I thought I'd list the books I read in 2021. My goal is always to read a book a week, but I never succeed -- this year I read 27, which is lower than last year's 32. I try to read a diverse selection, including nonfiction (N) and fiction (F); over the years 56% of the books I've read have been nonfiction. A few things here I read were to write reviews for Physics World: Seven Pillars of Science, Lightspeed, and (coming) A Quantum Life. After the authors I list the year of publications.

I've highlighted in bright yellow books I absolutely loved, and in light yellow books I thoroughly enjoyed. The Ministry for the Future was unique sci fi and I think would be quite appealing to anyone who closely follows climate issues. Tenth of December is a book of short stories from George Saunders, who has a wild imagination--the stories were a joy to read, and one in particular still quite memorable. And The Overstory by Richard Powers is simply one of the best novels I have ever read. It's a book about trees, and I'm still thinking about some of them, and the people who were involved with them. It's a remarkable book and I highly recommend it to everyone, especially those with an environmentalist bent. I cried more than once while reading it, and I'm actually getting a tear in the corner of my eye right now. I'm not even sure why--that's the beauty and power (and mystery) of this book. At least it was to me.

I'm interested in hearing what books you loved this year and would recommend.  

Just A Nice Chart

Earth's average global surface temperature compared to total radiative energy from the Sun. Diverging.


Friday, December 24, 2021

Didion Quote

“I think we are well advised to keep on nodding terms with the people we used to be, whether we find them attractive company or not. Otherwise they turn up unannounced and surprise us, come hammering on the mind’s door at 4 a.m. of a bad night and demand to know who deserted them, who betrayed them, who is going to make amends.”

-- Joan Didion, On Keeping a Notebook

Didion died on Thursday at age 87.

Wednesday, December 22, 2021

Omicron Less Severe Than Delta, But More Contagious

So it appears, based on a preliminary study in Scotland, that the omicron variant of COVID is more transmissible but less severe than the delta variant.

Perhaps good news for individuals, but bad news for hospitals.

From the Washington Post, about a study conducted in Scotland with apparently a population with characteristics close to the US:

The study, which has not yet been peer reviewed, found that people infected with the omicron variant were almost 60 percent less likely to enter the hospital than those infected with delta, the globally dominant variant is being eclipsed rapidly.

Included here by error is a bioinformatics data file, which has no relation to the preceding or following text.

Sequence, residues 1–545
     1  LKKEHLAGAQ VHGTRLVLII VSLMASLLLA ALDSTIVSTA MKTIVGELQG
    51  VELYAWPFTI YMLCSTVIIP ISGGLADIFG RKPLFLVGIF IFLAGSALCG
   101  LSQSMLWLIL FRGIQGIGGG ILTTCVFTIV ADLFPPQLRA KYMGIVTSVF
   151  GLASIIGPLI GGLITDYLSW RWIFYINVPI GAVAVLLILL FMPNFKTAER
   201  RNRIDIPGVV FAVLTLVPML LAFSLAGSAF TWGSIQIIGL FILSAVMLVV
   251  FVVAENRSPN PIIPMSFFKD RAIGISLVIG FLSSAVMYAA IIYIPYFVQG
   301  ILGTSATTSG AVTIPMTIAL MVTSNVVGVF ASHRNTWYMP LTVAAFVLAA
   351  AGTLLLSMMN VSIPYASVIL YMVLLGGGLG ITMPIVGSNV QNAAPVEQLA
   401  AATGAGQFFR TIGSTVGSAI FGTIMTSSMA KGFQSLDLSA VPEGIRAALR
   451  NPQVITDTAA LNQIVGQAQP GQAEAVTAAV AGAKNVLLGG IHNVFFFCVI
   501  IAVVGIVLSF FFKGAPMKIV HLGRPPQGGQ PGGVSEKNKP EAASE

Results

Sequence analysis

The Scottish scientists said that recently vaccinated people appear to have some protection against symptomatic infection from omicron but less so than against delta. A third dose or booster of an mRNA vaccine was associated with a 57 percent reduction in the odds of developing symptomatic covid-19. Boosters gave better protection against the delta variant — more than 80 percent.


That group, led by Neil Ferguson, reported that those infected by omicron were 15 to 20 percent less likely to go to an emergency room with severe symptoms and 40 percent less likely to be hospitalized overnight, when compared with those infected by delta.

But they say the numbers are too small to reach definitive conclusions.

Still, those aren't odds I'm interested in playing. The unvaccinated clearly don't care anyway, but will no doubt use this as justification to stay unvaccinated, even though many of them will still die.


Ferguson also urged caution.

“Our analysis shows evidence of a moderate reduction in the risk of hospitalization associated with the omicron variant compared with the delta variant,” he said. “However, this appears to be offset by the reduced efficacy of vaccines against infection with the omicron variant.”

Ferguson stressed that given the high transmissibility of the omicron variant, “there remains the potential for health services to face increasing demand if omicron cases continue to grow at the rate that has been seen in recent weeks.”

To my surprise, new US COVID cases on Tuesday were down from Monday, 189,030 compared to 276,389. But they'll be higher today. We'll see how much higher.